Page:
Sunday, August 4, 2013

Back to the Blackboards

Poetry, light or long, narrative or nonsense, all of it at least until the moderns was always meant to be read aloud.  I make that claim based on nothing much but instinct and my own rather spotty reading of both poetry and something of the history thereof.  Tell me I'm wrong.  Just because I may well be. I'd be willing to argue the point.  Still, that's what I've come to believe and more importantly that's been my way back in to much of the literature from which my background, education and insecurities once seemed to exclude me.  For me, the medium required what turns out to be an older method.  (Think, Homer at the ol' campfire, Dryden at the coffee house, etc.)  Maybe what was actually required was just grey hair.  Anyway, now I read poetry, and poetry aloud with something of the hobbyist's enthusiasm, though hopefully without requiring of my friends all the grim forbearance of the fellow sitting next to, say, a collector of antique bus schedules at a dinner party.  (Everyone at work has been, I must say, very kind when I've cracked open yet another Oxford Anthology at the Information Desk and started to quietly vibrate.   Not long ago, seeing me hovering with an open volume at her elbow, a coworker not known for her love of poesy said, "Oh, go ahead, Brad.  You know you want to.")

Bookstores, in my long experience are very tolerant of eccentricities.  There's a lady where I now work, will tell you everything you need to know to survive a week alone in the Senora desert.  There's someone who's pickling plums.  Let's face it, bookstores are feed-lots for hobbyhorses.  Perfectly harmless, most of us.

Bookstores are also always in the way of finding new ways, or more recently employing old ways to share our enthusiasms with the otherwise unsuspecting public.  Here then yet another bit of recycled media: blackboards are trending.

Long established as something of a fixture in the new wave of coffee and bubble-tea now awash across college-towns and the more upscale or dowtownish of neighbourhoods, what are now called "wet erase boards", I've only just learned, would seem to be all the rage.  Many a saucy barista, having invented some elaborate new combo of espresso shots, soy-milk and anisette, now announces the concoction of the day on a blackboard in the window and or on a sandwich board out front.  Bookstores are now on-board, including the one where I now work.  I think the idea a splendid one.  We've progressed from one or two discreet little boards describing the week's new arrivals and upcoming events to a couple of great big numbers, nearly the size I remember from the front of my elementary school classrooms.

We're quite lucky to have an artist in residence, dear M., who not only "letters" beautifully -- to use a verb likewise from my childhood -- but who has something of a genius for reproducing the covers of forthcoming titles in a beautiful and immediately recognizable way.  Not only are his drawings clear and quite charming, he also does a pretty mean free-hand rectangle.  No mean feat, that.

I was asked if I would draw dear Ogden Nash for the other board, to announce our upcoming evening of the same.  Seemed to me a capital idea.  Dear M. agreed to letter it for me, as nobody wants to see my primitive scrawl a foot high.  Size wouldn't help my legibility much anyway.  Two things I hadn't considered: first, I very rarely have drawn anything on such a scale, and secondly I almost never draw in ink, let alone the weirdly fluid markers used with these wet-erase-boards.  I draw, I see you might almost say, in number two pencils.  I've been know to make finished drawings in ink, as required, but really I'm a doodler by nature and practice and that means stubby pencils and scratch-paper often as not.  I almost never use color, for which I have no eye, and anything like paint seems to require a kind of manual dexterity wholly other from whatever it is I have.  Oh dear.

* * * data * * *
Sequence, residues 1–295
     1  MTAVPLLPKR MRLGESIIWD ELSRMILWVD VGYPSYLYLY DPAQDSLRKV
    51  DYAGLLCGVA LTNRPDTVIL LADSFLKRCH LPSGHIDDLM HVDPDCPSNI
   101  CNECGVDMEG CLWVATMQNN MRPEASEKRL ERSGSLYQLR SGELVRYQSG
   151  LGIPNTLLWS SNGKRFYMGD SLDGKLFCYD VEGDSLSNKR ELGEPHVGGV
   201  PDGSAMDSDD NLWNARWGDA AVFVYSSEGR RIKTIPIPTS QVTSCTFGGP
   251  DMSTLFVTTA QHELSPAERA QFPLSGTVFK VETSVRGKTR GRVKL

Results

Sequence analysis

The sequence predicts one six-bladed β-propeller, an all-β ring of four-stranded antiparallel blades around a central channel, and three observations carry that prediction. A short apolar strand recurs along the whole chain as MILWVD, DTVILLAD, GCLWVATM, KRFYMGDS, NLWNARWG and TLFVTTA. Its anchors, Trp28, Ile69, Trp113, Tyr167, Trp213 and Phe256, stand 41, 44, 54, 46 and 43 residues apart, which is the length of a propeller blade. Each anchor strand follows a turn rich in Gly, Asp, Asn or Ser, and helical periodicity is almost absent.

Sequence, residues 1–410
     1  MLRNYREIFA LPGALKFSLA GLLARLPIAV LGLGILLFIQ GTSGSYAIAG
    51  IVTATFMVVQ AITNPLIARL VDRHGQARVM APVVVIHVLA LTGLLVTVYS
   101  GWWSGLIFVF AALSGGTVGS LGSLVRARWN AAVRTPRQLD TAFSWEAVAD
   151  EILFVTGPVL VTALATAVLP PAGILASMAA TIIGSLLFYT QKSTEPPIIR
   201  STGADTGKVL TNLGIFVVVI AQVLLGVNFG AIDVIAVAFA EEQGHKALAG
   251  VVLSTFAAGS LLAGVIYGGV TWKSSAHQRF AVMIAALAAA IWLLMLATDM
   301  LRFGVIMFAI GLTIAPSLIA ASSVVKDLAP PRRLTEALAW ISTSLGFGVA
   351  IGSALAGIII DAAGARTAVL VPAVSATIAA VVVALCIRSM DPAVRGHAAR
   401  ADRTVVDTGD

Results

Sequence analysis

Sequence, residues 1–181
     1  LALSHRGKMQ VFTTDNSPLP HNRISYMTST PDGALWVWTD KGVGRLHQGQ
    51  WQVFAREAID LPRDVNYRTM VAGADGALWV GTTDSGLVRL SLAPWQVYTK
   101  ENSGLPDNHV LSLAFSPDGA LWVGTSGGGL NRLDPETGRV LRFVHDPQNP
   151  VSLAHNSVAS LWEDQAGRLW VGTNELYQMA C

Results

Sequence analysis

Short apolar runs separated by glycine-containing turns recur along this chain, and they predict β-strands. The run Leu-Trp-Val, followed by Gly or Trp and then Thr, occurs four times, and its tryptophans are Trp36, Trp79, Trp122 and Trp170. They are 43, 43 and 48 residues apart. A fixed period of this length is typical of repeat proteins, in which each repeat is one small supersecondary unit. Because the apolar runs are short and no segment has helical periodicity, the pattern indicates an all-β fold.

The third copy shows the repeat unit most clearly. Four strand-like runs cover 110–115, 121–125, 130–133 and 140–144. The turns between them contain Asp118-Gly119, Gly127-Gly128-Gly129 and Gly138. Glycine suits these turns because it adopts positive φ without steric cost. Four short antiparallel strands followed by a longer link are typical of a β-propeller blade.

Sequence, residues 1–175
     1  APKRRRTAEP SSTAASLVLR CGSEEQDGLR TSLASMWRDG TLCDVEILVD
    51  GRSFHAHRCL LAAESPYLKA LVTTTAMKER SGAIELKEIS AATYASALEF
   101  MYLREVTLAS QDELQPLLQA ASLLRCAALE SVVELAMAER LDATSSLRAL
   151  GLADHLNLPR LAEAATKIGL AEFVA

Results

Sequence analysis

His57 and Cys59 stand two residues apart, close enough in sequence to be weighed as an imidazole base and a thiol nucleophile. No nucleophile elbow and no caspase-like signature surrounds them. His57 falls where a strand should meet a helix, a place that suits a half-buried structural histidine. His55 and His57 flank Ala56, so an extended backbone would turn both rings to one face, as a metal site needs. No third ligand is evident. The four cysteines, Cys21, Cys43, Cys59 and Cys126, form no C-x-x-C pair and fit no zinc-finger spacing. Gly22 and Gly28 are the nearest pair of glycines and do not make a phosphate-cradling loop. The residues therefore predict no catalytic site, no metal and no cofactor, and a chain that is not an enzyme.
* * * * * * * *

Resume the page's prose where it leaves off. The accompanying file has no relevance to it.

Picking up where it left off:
Also, turns out the "wet-erase" thing means dampening a rag and then rubbing and smudging until finally clearing the whole damned thing and starting over.  This I did no less than three times.  (By the time I was done with it, my "eraser" looked like a clown's dinner-napkin at a fish-fry.)  I learned that hesitations with the marker still in contact with the board means making a puddle.  I learned that blue works better for glasses and the tie and purple looks better for the pomaded noggin of the poet.  I'd made a little preliminary pencil sketch -- natch -- but I realized on my third attempt to reproduce it on the blackboard that I had to rethink a bit.  I remembered my high school art teacher and mentor, Griff.  I remembered him telling me, when I was trying to do something, anything, with watercolors, first that I was "still thinking with a pencil" and then, shaking my grip on the paintbrush until it loosened a bit,

"You're fightin' the paint, man, stop fightin' the paint."

New medium, new ways in.  Anyway, I tried.  Once M. had lettered the thing, I didn't think it looked half bad.  Perhaps not my finest hour, but, hey, I tried something new, me who doesn't do that sort of thing.

And it's all for the good of poetry, man.  Check it out.

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